Preparing for the 2017 Garlic Crop at Natural Jack’s
Cover Crop in Full Bloom
Notice the small bit of red leaves ~ Fall is on the way
Pacific Gold Mustard
The color of this flowering cover crop is magnificent. When you walk past you hear the incessant buzzing of bees, literally thousands of bees. In fact, flowering cover crops like mustard can be used across the farm or garden to help maintain heathy bee populations. Growing flowering cover crops during fallow periods in your crop rotation is a multi-purpose strategy: it both benefits crop productivity by enriching the soil with organic matter and provides resources for the local pollinators.
This cover crop was planted less than a month ago, immediately after the garlic was harvested. It’s amazing how high its grown!
One pass of the tractor to cut the cover crop and then a second pass with the tiller to turn it into the soil:
A spectacular late summer’s day on the mountain
And the garlic beds are naked again–but not for long!
Luckily, the weather in upstate New York has been favorable–dry and warm–so there’s time for a second planting of mustard. The second crop won’t have as long to mature and may not completely flower before the beds will need to be prepared for fall garlic planting. Even so, it’s a valuable opportunity to add a bit more organic material to the soil.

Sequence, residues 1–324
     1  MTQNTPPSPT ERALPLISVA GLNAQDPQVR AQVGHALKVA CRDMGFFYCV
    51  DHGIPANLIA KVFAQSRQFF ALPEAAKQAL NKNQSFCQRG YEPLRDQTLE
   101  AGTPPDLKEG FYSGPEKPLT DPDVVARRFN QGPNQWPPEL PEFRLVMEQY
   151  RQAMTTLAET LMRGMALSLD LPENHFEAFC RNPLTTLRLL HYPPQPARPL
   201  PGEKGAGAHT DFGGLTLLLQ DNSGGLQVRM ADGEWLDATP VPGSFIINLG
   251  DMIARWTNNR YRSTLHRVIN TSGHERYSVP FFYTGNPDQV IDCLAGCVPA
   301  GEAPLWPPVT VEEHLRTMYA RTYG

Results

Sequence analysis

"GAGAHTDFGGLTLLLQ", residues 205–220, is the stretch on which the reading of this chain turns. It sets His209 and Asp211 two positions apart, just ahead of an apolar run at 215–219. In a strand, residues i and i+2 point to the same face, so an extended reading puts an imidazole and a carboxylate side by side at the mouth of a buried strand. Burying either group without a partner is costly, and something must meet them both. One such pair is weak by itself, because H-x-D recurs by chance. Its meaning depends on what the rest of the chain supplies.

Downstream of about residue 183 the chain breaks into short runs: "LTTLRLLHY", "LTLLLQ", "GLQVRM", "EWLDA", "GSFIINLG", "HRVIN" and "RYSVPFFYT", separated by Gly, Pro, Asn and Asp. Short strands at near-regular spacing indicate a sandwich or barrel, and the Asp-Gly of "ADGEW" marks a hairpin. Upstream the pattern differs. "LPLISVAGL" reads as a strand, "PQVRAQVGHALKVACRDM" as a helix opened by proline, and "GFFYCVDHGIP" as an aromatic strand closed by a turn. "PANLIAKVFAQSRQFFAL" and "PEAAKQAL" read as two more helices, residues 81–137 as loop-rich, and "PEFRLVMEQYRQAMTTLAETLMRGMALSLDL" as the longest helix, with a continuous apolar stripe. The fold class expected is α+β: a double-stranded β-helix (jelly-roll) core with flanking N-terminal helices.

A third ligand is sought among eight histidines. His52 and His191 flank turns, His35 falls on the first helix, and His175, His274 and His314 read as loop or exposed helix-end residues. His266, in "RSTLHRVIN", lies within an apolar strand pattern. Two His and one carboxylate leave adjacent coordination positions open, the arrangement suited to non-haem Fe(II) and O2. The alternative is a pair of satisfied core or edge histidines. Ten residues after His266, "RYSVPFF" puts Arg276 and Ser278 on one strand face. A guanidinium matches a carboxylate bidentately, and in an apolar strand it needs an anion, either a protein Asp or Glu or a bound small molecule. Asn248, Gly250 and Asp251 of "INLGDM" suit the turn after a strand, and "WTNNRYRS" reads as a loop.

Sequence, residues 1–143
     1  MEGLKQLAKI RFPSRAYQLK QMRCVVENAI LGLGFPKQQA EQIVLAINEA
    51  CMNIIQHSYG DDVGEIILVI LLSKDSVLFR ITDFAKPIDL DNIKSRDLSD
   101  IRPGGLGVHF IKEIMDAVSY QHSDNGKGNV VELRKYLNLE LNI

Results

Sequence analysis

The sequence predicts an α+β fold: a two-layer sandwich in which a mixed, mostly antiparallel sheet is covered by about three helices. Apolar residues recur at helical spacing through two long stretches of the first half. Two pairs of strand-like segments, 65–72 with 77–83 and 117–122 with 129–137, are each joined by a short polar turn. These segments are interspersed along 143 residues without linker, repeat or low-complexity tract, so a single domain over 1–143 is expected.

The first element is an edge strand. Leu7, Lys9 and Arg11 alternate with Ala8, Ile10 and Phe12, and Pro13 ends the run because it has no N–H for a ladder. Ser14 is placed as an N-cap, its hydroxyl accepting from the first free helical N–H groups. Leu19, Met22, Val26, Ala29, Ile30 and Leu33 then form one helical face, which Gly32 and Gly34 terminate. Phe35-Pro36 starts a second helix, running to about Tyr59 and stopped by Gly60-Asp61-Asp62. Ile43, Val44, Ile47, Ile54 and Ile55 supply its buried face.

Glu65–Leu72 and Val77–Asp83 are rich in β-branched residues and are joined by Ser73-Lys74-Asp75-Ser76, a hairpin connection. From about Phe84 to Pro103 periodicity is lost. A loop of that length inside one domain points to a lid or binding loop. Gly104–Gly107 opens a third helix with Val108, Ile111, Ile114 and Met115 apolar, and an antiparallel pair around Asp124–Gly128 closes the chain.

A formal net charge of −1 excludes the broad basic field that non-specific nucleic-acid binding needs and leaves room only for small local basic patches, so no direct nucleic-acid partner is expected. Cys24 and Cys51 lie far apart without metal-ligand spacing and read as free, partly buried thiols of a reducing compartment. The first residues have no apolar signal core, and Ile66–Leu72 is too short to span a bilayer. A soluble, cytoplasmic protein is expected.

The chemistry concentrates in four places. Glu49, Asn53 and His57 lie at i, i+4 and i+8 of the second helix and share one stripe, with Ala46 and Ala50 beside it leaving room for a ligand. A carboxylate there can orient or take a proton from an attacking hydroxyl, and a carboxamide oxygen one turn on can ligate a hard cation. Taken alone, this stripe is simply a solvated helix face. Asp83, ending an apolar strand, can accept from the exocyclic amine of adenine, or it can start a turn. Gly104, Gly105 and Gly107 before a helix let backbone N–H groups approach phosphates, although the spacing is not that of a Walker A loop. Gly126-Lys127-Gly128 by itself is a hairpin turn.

Cover crops can provide many benefits for soil health. These include:
- Suppressing weeds
- Increasing organic matter in the soil
- Improving soil health and subsequent crop yield
- Preventing soil erosion
- Conserving soil moisture
Considering a cover crop for your garden or farm? There are several species to chose from. Selection should be guided by your climate as well as your crop rotation window. Here in the northeast, mustard and buckwheat are ideal for planting in late summer, after the garlic is harvested, and will bloom late summer to early fall–just in time for planting next year’s garlic.
Do you have a favorite cover crop? Share what’s worked for you in the comments section.